On the other hand, the takedown bows allow you to chop and change pieces as you wish to find what works best for you. If one part breaks, you can replace it. You just need to make sure the parts are compatible with the bow.

If you chose a good quality takedown bow, the sky is the limit with the upgrades you can select.

Arrow selection

This can be the most daunting part of the hunting bow selection process. Beginners hear the words arrow and want to hide under a rock.

Yes, there are so many options, but it’s not something to be afraid of. I’ll take you through the basics. I will only cover arrows for hunting here, so be aware of that. If you’re in the market for target practice.

Let’s look at some of your arrow options:

  • Wood: These are traditional and a favorite for long-time archers. But we wouldn’t recommend them for hunting. They require a lot of upkeep and can bend when wet, affecting your aim. So, your shots might not be consistent, a big no-no for hunting. But again, if you’re properly trained, it’s a good traditional bow.
  • Carbon: This is the best option for hunting. Carbon is lightweight and travels at high speeds. This means your shot is quick and deep; that’s what you want in hunting. They are also relatively cheap and easy to replace.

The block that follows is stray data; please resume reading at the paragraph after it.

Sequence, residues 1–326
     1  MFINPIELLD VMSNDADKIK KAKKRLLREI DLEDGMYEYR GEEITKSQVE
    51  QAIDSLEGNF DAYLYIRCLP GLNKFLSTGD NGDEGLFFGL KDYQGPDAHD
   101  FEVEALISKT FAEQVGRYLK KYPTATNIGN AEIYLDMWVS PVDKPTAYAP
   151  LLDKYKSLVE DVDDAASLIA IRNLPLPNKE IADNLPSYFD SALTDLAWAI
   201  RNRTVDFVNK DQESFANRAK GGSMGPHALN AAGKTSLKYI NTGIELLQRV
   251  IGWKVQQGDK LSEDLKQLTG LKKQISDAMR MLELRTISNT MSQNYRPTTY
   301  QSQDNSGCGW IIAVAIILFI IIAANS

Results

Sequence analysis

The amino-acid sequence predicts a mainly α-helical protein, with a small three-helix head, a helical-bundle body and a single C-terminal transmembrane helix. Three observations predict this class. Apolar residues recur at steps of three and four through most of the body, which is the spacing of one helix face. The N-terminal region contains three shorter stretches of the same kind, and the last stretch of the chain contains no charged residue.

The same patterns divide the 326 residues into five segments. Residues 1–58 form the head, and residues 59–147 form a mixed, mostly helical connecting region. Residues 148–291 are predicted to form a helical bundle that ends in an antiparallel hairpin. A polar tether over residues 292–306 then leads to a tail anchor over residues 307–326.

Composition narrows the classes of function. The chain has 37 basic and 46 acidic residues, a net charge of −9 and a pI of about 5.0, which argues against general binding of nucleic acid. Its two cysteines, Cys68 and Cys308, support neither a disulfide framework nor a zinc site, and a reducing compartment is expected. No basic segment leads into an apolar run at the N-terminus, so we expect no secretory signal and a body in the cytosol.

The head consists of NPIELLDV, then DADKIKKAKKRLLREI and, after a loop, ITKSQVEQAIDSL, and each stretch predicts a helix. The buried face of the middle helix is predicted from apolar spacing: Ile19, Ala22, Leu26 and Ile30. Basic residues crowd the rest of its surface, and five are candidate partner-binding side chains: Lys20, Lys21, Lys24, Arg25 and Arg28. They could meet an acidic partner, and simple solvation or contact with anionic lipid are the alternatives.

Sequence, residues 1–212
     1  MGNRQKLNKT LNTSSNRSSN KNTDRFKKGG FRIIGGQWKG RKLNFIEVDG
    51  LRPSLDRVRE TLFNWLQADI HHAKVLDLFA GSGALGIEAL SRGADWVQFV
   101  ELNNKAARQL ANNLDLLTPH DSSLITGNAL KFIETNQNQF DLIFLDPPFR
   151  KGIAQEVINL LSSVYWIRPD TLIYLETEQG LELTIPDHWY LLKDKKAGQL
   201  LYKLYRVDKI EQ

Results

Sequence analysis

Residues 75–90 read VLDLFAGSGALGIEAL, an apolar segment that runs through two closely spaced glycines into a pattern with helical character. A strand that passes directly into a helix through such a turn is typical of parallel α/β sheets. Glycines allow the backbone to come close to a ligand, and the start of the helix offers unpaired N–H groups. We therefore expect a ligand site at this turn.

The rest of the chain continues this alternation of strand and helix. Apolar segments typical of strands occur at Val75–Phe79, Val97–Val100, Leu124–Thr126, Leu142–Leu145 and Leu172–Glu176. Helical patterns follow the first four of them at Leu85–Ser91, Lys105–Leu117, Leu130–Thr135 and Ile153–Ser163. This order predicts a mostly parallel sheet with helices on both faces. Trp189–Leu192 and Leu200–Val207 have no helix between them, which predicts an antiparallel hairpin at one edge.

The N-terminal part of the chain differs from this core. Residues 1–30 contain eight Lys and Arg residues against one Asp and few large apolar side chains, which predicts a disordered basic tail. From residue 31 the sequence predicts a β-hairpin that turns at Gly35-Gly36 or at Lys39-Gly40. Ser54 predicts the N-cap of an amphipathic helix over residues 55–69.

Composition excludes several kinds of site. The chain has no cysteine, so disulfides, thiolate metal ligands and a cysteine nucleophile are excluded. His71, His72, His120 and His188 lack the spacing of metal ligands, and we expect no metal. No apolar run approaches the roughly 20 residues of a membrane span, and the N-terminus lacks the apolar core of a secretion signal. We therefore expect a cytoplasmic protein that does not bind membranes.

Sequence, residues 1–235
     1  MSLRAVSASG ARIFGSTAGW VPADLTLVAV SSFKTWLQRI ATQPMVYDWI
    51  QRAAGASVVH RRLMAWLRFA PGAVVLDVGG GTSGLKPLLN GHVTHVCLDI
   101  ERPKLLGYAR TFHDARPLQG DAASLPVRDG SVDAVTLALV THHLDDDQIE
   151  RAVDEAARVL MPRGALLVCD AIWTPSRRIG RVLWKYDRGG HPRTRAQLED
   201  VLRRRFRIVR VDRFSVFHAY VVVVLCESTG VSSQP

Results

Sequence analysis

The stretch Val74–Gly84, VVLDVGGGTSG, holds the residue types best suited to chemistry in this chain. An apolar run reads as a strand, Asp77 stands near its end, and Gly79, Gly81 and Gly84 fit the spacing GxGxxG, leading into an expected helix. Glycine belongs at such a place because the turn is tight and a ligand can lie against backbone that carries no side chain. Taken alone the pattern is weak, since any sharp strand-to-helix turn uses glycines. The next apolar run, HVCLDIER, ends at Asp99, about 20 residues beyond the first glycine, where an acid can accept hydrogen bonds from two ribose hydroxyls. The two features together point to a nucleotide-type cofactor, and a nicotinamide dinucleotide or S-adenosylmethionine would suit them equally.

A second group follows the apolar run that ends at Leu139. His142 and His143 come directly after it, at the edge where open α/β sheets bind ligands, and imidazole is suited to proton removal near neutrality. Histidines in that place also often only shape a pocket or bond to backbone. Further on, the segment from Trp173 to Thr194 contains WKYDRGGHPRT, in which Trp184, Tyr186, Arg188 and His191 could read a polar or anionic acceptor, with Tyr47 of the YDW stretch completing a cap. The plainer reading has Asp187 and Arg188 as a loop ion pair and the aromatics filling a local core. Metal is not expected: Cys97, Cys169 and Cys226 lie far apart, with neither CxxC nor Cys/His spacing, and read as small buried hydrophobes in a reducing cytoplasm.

• Aluminum: These are more affordable than carbon, so a good option for beginners. They are slightly heavier than carbon but are still consistent and super durable.

The good thing with carbon and aluminum is that you can easily replace the points, nocks, and broadheads.

Wood arrows will require some glue to get these pieces onto the arrow.

The thing is, selecting the right arrow for your needs and style comes with experience. So, you’ll need to give your recurve bow a good go before you find arrows that work best.

You won’t know what to look for as a beginner, but once you’re up and running, you can tell what feels good and solid.

If you’re looking for some info on the best broadheads for deer, here’s a complete guide to getyou going.

Left or right handed

When it comes to determining handedness with a bow, it can be a little challenging. It’s not simply about which hand you use, but also your dominant eye.

For example, if you’re right-handed and right-eye dominant, then it’s easy enough. You will get a right-handed bow.

The issue comes in if you’re right-handed and left-eye dominant. This can become a problem when selecting which hand to shoot with.

It will be best to train yourself to shoot left in that situation. Sight is the most important thing in bow hunting. If you can’t see your target, then there’s no point.